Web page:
Michael Mayo, vocals, was born and raised in Van Nuys, California. He began singing at age 3 and attended the Los Angeles County High School for the Arts, studying with Monk Institute alumni Jason Goldman and Walter Smith III. Mayo later studied with Dominique Eade, Jerry Bergonzi, Miguel Zenón, John Lockwood and Ken Schaphorst at the New England Conservatory of Music, where he received his bachelor’s degree in jazz voice performance. He has performed in Australia, Brazil and Chile, and appeared at the Panama Jazz Festival. In 2013, Mayo participated in The Kennedy Center’s American Voices Festival and the Betty Carter Jazz Ahead program.
Ido Meshulam, trombone, was born in Bat-Yam, Israel, and at age 3 began studying soprano trombone with his father. He graduated summa cum laude from the Berklee College of Music with a bachelor’s degree in music performance. Meshulam received first place honors in the 2012 International Trombone Association’s Carl Fontana Jazz Trombone Competition, 2013 Eastern Trombone Workshop National Jazz Trombone Competition, and 2014 International Trombone Association’s J.J. Johnson Jazz Trombone Competition. He has performed with Conrad Herwig, Luis Bonilla and Cyrus Chestnut, and appeared at the Red Sea Jazz Festival, DC Jazz Festival and Birdland.
David Otis, alto saxophone, grew up in Downey, California, where he began studying saxophone at age 9. He graduated from California State University, Northridge with a bachelor’s degree in jazz studies. In 2012, he was a featured soloist in the University’s Jazz A Band, which was named Top College Big Band at the Monterey Jazz Festival’s 2012 Next Generation Jazz Festival. Otis has performed with Tigran Hamasyan, Shafiq Husayn, John Daversa, Wayne Bergeron, Jimetta Rose, Jairus Mozee, Kamasi Washington and Gene Coye. He has performed at noted Los Angeles venues including the Blue Whale, Catalina’s Jazz Club, Nola’s, the Piano Bar and Room 5.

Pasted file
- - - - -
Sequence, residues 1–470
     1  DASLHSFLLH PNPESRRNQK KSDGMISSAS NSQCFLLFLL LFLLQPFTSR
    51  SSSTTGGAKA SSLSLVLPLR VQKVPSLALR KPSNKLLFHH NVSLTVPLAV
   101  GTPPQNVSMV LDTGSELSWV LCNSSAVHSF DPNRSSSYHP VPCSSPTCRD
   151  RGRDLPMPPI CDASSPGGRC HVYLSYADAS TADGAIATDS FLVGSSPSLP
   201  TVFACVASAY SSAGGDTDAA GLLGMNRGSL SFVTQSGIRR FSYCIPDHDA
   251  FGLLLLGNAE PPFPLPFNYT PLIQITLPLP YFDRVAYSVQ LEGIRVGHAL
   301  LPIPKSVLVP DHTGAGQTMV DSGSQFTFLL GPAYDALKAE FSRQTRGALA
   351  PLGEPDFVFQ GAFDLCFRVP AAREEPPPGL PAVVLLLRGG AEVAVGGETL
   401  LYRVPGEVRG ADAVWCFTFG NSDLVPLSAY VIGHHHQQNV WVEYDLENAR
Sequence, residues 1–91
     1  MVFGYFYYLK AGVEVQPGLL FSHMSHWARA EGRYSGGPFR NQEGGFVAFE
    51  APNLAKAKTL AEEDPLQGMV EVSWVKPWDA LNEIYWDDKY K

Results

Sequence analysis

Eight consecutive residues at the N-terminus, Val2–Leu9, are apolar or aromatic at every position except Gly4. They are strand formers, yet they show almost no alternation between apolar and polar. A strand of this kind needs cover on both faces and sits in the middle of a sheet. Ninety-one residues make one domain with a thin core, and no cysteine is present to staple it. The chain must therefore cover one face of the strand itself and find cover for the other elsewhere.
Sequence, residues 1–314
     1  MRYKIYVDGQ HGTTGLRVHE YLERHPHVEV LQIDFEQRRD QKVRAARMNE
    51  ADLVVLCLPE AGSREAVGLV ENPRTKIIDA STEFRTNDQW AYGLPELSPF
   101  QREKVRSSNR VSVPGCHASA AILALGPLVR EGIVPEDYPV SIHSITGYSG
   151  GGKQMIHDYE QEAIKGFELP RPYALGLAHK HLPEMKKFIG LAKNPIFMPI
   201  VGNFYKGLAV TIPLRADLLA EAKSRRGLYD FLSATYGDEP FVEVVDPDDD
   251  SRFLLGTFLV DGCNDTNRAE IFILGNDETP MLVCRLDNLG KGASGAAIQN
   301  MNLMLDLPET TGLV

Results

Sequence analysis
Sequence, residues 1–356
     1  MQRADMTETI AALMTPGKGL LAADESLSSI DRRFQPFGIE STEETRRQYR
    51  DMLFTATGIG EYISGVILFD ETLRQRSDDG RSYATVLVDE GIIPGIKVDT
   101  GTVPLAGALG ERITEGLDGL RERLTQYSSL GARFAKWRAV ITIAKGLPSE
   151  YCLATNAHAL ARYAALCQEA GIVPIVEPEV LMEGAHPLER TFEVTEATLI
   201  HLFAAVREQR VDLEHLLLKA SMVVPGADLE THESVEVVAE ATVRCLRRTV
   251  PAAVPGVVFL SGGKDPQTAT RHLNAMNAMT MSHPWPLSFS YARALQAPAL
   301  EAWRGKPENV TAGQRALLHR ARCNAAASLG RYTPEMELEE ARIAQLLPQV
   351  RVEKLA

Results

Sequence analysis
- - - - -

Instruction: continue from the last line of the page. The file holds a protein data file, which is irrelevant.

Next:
Daniel Rotem, tenor saxophone, was born in Jerusalem, Israel, and began studying saxophone at age 13. He studied at the Rimon School of Jazz and Contemporary Music in Tel Aviv, and was the youngest student awarded first place in Rimon’s Outstanding Jazz Player Competition. Rotem received a full scholarship to attend the Berklee College of Music and graduated summa cum laude with a bachelor’s degree in jazz performance. He has appeared at the Monterey Jazz Festival and Burlington Discover Jazz Festival, and performed with Bill Pierce, Hal Crook, Alain Mallet, Greg Hopkins, Peter Erskine, George Garzone, Lionel Loueke and Dave Liebman.
Carmen Staaf, piano, was born in Seattle, Washington, and began playing piano at age 6. She graduated from a five-year, double-degree program, studying anthropology at Tufts University and jazz performance at the New England Conservatory. Upon graduating, she joined the piano faculty at the Berklee College of Music. The winner of the 2009 Mary Lou Williams Women in Jazz Pianist Competition, Staaf has performed as a guest soloist with the Jazz at Lincoln Center Orchestra under Wynton Marsalis, and has appeared on NPR’s “JazzSet” with Dee Dee Bridgewater. She has performed across the United States and in Europe, Latin America and India.